So when people defend the commercial Christmas, they are also defending the critical Christmas. When they grouse about the spectacular consumption and luxury of the holiday, they are also participating in one of the rituals of a luxury society. And when they take part in the utterly secular and materialistic holiday, they are also participating — in the most meaningful ways now available to most of them — in the ancient religious holiday underlying it.

Immense Power: An Existential Lincoln

The most interesting scene in Lincoln comes very near the end. It features a man and a woman — to avoid a spoiler, I won’t say who — reading the text of the Thirteenth Amendment by lamplight. Or rather, she is reading it to him. It’s a simple and understated scene, but for several reasons, it would have been inconceivable fifty years ago. It’s Steven Spielberg’s sharpest response to the Lost Cause, an upraised middle finger in the face of anti-abolitionism. (By a racist’s standards, it is literally obscene.) But more importantly, this scene is also the closing bookend to the first major monologue scene Abraham Lincoln gets in the film. That early scene shows the president delivering a sprawling soliloquy to his cabinet, in which he considers — inconclusively — whether issuing the Emancipation Proclamation was actually legal. Together, these scenes wrap the movie in a cloak of existentialism that sets Lincoln apart.

Lincoln publicity photo by David James, released by DreamWorks II Distribution Co.

Lincoln publicity photo by David James, released by DreamWorks II Distribution Co.

Eric Rauchway recently observed that different wars have different purposes at the movies. Films about the Great War are nihilistic. Movies about World War II are existential. Movies about the American Civil War are political, telling a story about emancipation. Rauchway acknowledges major exceptions in each case, but the rule holds in spite of them; in some cases, a film isn’t truly “about” the war in which it takes place. If Rauchway is right, what makes Spielberg’s Lincoln odd is that it pays extraordinarily close attention to the politics of abolition, yet consistently treats emancipation as a process of ethical self-assertion in defiance of apparently hostile reality.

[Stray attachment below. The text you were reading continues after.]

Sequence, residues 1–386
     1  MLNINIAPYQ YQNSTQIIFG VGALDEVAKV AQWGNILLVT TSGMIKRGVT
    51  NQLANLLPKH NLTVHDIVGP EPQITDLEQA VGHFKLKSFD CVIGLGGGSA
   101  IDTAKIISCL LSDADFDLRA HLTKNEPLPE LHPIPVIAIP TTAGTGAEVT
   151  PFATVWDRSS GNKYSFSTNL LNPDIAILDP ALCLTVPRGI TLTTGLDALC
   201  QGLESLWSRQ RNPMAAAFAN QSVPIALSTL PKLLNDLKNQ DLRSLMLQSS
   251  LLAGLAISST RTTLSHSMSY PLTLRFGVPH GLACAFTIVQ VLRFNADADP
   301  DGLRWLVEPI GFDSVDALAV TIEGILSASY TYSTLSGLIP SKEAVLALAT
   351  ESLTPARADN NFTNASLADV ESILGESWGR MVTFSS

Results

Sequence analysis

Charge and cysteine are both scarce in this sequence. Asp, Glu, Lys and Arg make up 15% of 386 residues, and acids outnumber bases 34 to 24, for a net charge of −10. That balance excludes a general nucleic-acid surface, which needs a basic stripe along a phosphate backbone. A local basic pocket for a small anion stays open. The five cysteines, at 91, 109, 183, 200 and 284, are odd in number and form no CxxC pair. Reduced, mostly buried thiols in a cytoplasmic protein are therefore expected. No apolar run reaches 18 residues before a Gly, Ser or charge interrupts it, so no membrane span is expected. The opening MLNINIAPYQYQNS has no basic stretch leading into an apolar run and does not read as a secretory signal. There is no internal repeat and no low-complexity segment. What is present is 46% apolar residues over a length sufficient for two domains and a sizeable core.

Lincoln, in other words, is a film about conviction, but not about faith. For Spielberg’s Abraham Lincoln, amending the Constitution is a leap into the dark.

In the first review I ever saw for the film, Roy Blount Jr. got this badly yet understandably wrong. In Blount’s mind, Lincoln is a movie about pragmatism and compromise. The film suggests, he writes, that “the road to progress … is seldom straight, entirely open or, strictly speaking, democratic.” Blount sees Lincoln’s willingness to travel the crooked paths of a political insider as heroic. Probably Spielberg does too; this film undoubtedly grows from our particular moment in liberal opinion, intervening in debates about populism, bipartisanship, and technocracy. But “progress,” as usual, is a misleading term. It betrays two key elements of this film’s Lincoln’s worldview. The first is his belief in justice; righting wrongs simply isn’t the same idea as progress, and the film’s Lincoln sees slavery as wicked, not old-fashioned. (He doesn’t compromise for the sake of social improvement; he compromises because he’s obsessed.) The second is this Lincoln’s apocalyptic belief in himself.